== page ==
Ahamed Aroos, Director and CEO of Rainco, a local manufacturing company, talks about building a lifestyle brand, sustainability and global expansion during Covid-19, and why the focus on core values ââis essential to safely exit economic crises into growth.
As we enter a new year after two years of unprecedented economic crisis due to the ongoing global pandemic, what are your prospects for the business environment in Sri Lanka, especially the industry you represent and the trends? who shape the future?
The global economic phenomenon is such that a boom is born out of a recession. Covid19 created opportunities, and the companies that seized them and built their resilience would have reversed the impact of the recession in the wake of the pandemic. This is what we have seen in our industry and in the global business landscape.
Consumers have become attentive spenders, delineating their needs and wants. As a brand, you need to have a powerful brand proposition to break through to consumers. From a business perspective, a lot of the frills have been eliminated. Office space has been reduced by 70% but with no impact on activity. Courage and persistence in achieving long-term goals is the key to success in business. If you decide not to invest in marketing to establish your presence, consumers will quickly forget about you because you will get lost among others who want to stay relevant in the market.
As a country, we are at the bottom in every measure of an economy. However, we are a very resilient country with a tendency to rebound quickly. While our macroeconomic numbers are gloomy, we are doing well in all other metrics. For example, the economic growth projection for 2021 is 3.3%, which is encouraging given the global realities. At least 60% of the population is vaccinated, so it is hoped that we can recover quickly. Geographically, we are on the best trade routes. There is an ongoing freight crisis, but our location has a great advantage. It is possible to gain competitive advantages in exports, services, business processes and tourism and make the country a regional hub. In terms of opportunity, digital penetration is 7.1% in the region, so we still have great prospects to discover! We shouldn’t wait for the government, but individual companies should proactively exploit these opportunities. For example, at Rainco, we are already exploring global partnerships to create a range of sustainable umbrellas.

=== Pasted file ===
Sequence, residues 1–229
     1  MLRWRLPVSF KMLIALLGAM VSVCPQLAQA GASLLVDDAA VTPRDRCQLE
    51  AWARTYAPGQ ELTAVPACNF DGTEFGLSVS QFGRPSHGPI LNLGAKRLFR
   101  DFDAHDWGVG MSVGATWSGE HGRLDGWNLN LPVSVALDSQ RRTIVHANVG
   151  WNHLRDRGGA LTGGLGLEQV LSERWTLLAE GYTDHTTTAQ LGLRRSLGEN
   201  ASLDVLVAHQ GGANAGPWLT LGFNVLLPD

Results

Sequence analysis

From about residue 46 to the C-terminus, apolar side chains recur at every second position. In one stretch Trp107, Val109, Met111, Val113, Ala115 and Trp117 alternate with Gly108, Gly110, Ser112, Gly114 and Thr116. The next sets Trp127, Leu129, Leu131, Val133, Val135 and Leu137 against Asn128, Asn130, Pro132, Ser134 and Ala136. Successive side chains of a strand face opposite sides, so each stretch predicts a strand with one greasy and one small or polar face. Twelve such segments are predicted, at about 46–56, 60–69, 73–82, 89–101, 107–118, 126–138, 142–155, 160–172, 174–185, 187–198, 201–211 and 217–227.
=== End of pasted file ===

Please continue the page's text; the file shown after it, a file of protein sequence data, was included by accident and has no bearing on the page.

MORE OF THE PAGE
Can you tell us about the challenges Rainco has faced over the past two years?
Rainco is an outdoor rainwear company. So the challenges we faced were many and complex. Consumers couldn’t get out – it created a big drop in our sales. There is no need for our products if people don’t come out, so the lockdowns have disrupted the local market and caused us some stress. On top of that, there was a disruption in the global supply chain. The forex crisis has created unprecedented price increases on top of that! All of this put a strain on us. However, we are trying to deal with the situation and stay on top.